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@menchikatsu Shun is close mon - tue. If your dinner at Naruse falls on the other day, u should have lunch at Shun.

I haven’t visited Sakuraya. It’s a very big restaurant so it might be similar to Horaiken in Nagoya. Horaiken also opened its door in 19th century.

I look forward to hearing more after u visit Hamamatsu.

almost 3 years ago 1582326680


Ok I will try my best to be there on a day Shun is open.

If I am unable to add the day, maybe I'll try some mom n pop countryside restaurant on Lake Hamana, and let you know my experience. I've always liked meeting locals in these small towns.

Thank you again @localtaste. I'll report my findings after.

almost 3 years ago 1582407260


Hello @localtaste. I would like to let you know, I have figured out a schedule, and per your trusted recommendation, I will indeed be visiting Sumibiyaki Unagi Shun for lunch.

I will also still be traveling to Hamamatsu, and will hopefully get to try some sort of local mom n pop style unagi restaurant on the lake. It would be really awesome if I could witness the eels being caught from the river/lake.

Thank you as always, for all your unagi expertise.

almost 3 years ago 1583135162
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@menchikatsu how lovely to hear u can fit Shun into your schedule. We would be waiting to hear your evaluation of Shun and Naruse. Also, I’d love to hear more about your Hamamatsu adventure.

My best regional restaurant experience is at Takuyamazushi. Saito san once wrote an article in Chinese about his visit. If u have a chance, I highly recommend visiting them. I love how I could see the beautiful lake Yogo and mountains from the dining room.

almost 3 years ago 1583160770


Thank you again. I will report back to you my perspectives on my experience. Although I think it's almost certain I can be looking forward to the best unagi and tempura meals of my life.

Of note, is there an option to upgrade the unagi at Shun (like can be done at Uomasa), or does everyone get the same quality eel from Hamamatsu? I am curious if dinner guests get a more premium type of unagi.

Your visits to Hirasansou and Tokuyamazushi, both look like wonderful places, and I have listed it on my to do list, the next time I head in the Kyoto direction. The view really adds something. In the same area of these two restaurants, something that's really interested me in recent years, is the Birdman Rally over Lake Biwa.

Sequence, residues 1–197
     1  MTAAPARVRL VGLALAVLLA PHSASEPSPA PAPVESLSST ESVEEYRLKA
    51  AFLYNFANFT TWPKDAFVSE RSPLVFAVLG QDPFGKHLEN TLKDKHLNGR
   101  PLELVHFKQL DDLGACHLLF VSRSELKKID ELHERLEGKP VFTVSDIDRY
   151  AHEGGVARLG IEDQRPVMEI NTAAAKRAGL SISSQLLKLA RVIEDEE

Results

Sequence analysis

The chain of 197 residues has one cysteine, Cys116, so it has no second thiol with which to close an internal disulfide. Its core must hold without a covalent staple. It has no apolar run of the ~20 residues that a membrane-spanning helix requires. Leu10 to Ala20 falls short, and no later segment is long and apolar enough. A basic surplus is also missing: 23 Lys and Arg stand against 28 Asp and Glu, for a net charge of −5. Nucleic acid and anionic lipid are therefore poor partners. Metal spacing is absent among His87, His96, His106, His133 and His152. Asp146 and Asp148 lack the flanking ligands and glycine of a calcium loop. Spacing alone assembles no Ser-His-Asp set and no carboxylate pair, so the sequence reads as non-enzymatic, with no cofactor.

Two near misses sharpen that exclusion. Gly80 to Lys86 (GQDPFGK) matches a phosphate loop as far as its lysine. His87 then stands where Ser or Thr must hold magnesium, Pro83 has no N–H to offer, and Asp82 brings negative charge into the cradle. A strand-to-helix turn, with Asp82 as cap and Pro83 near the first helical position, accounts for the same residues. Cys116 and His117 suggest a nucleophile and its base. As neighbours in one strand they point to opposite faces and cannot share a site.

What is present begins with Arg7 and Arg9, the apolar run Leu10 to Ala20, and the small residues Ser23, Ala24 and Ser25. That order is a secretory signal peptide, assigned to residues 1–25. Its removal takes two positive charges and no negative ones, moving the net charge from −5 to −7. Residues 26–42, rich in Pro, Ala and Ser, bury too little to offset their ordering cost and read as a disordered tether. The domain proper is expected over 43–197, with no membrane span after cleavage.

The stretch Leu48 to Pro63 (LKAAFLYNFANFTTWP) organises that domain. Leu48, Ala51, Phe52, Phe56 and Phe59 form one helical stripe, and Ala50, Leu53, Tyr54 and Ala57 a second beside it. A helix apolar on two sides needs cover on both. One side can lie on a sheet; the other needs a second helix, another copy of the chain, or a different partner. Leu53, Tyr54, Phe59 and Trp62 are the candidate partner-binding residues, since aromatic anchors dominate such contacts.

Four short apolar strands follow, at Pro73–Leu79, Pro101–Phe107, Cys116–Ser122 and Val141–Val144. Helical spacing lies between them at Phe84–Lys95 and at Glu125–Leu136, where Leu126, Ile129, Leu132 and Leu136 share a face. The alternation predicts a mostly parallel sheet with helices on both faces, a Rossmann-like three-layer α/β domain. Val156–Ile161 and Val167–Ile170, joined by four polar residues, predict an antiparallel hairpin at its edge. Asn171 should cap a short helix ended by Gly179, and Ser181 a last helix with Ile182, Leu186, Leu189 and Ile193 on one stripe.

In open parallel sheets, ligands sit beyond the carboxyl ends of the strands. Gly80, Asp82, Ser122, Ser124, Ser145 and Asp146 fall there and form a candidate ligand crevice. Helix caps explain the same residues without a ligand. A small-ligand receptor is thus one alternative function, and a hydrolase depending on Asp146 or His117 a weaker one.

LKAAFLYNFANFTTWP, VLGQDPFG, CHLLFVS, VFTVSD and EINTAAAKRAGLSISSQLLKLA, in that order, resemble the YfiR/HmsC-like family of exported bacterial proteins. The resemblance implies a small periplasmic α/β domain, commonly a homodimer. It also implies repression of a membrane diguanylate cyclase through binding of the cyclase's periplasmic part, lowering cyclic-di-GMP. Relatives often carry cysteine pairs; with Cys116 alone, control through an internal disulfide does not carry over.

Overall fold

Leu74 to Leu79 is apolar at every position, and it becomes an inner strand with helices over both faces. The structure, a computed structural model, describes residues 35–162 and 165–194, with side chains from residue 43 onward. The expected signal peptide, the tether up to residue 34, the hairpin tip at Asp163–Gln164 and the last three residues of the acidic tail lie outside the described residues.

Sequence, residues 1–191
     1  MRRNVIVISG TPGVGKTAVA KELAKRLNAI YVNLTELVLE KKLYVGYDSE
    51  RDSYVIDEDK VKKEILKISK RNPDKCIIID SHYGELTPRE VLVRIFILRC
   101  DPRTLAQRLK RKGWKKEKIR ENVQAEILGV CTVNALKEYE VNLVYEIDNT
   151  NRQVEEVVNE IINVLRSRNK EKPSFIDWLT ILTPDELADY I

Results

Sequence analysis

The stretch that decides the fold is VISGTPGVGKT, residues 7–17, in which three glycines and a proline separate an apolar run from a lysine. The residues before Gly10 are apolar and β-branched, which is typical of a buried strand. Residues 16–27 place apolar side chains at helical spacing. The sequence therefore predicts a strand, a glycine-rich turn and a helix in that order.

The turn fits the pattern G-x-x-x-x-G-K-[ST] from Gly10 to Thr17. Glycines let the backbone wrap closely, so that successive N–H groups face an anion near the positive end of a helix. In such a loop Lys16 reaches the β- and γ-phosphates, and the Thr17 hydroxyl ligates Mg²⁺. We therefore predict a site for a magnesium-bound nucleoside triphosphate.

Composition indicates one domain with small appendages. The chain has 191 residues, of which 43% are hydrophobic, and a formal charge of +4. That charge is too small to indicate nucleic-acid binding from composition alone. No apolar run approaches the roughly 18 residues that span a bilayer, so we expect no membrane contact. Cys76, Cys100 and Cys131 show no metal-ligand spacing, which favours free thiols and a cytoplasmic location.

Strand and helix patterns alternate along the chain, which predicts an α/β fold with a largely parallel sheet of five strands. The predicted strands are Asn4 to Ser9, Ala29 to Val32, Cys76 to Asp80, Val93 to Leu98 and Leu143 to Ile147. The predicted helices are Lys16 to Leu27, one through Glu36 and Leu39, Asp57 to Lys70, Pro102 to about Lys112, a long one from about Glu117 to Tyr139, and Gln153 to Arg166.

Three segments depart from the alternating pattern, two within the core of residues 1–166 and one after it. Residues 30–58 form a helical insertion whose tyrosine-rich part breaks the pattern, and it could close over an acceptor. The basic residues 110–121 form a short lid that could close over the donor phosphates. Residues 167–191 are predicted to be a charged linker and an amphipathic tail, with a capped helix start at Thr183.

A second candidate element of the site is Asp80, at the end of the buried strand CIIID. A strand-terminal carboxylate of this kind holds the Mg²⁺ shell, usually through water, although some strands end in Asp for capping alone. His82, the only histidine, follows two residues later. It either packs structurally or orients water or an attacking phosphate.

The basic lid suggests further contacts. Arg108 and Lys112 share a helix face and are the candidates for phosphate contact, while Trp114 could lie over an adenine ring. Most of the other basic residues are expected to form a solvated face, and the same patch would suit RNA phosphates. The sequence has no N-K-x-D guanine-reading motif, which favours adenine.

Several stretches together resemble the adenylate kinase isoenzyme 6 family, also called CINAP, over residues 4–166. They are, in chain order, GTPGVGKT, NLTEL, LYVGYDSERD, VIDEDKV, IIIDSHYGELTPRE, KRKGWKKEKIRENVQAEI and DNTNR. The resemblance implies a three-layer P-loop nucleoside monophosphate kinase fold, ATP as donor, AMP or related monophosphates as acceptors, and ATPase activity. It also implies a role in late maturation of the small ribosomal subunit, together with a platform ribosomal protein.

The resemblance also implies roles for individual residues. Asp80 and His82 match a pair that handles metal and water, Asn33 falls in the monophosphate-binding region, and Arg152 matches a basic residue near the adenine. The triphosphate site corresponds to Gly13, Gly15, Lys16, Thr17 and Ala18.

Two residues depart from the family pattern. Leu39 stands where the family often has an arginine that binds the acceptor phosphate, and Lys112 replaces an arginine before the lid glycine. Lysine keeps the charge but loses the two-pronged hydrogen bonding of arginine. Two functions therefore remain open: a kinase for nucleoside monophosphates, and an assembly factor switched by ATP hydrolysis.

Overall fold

almost 3 years ago 1583196604
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@Menchikatsu there are two options. This is the menu which I took the photo for your info.

almost 3 years ago 1583383259


Thank you @localtaste. This helps a lot. Getting more excited, the more I think about it.

almost 3 years ago 1583394465


A question for you @localtaste. I will be traveling to Shizuoka in the near future. I was wondering, if it would be worth going further west to Hamamatsu. And if so, is there a particularly noteworthy unagi restaurant to visit there, and sample the freshly caught eels from nearby rivers? It is the source of the very best unagi in the country? It sounded to me like a pilgrimage site for unagi fans. I don't need to be doing a fancy meal at Shun on this trip, but I would like to have some sort of special rustic local unagi fisherman's experience. Thank you. And also to Saito-san, and any others, who have been to Hamamatsu, and have some tips.

almost 3 years ago 1582180253

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I brought up the topic of different regional styles of unagi, to a chef friend of mine who is from Kansai. He told an interesting way to explain the difference between Kanto and Kansai unagi cutting.

That the samurai in Kanto doesn't like seppuku, so unagi is cut from the back side (sebiraki 背開き); while the shogun in Kansai loves seppuku, and so they cut it from the front/stomach (harabiraki 腹開き).

I thought this might have been a joke, but maybe there is some truth to it? That cutting from the front of the unagi resembles stabbing the stomache in seppuku/harakiri, and is like an ominous taboo or superstition. It's a very good way to memorize this, I can't forget it now.

about 3 years ago 1576479207

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Haha that's quite an interesting anecdote thanks for sharing @Menchikatsu

about 3 years ago 1576481742


Actually... I was wondering if this was actually the true reason! I decided to look it up online, and a few sites actually cite this as the historic reason unagi is not cut from the front in Kanto. As we all know, sticking chopsticks vertically in a bowl of rice is also a taboo, that changes the way you're allowed to eat. So this certainly makes some sense.

about 3 years ago 1576539225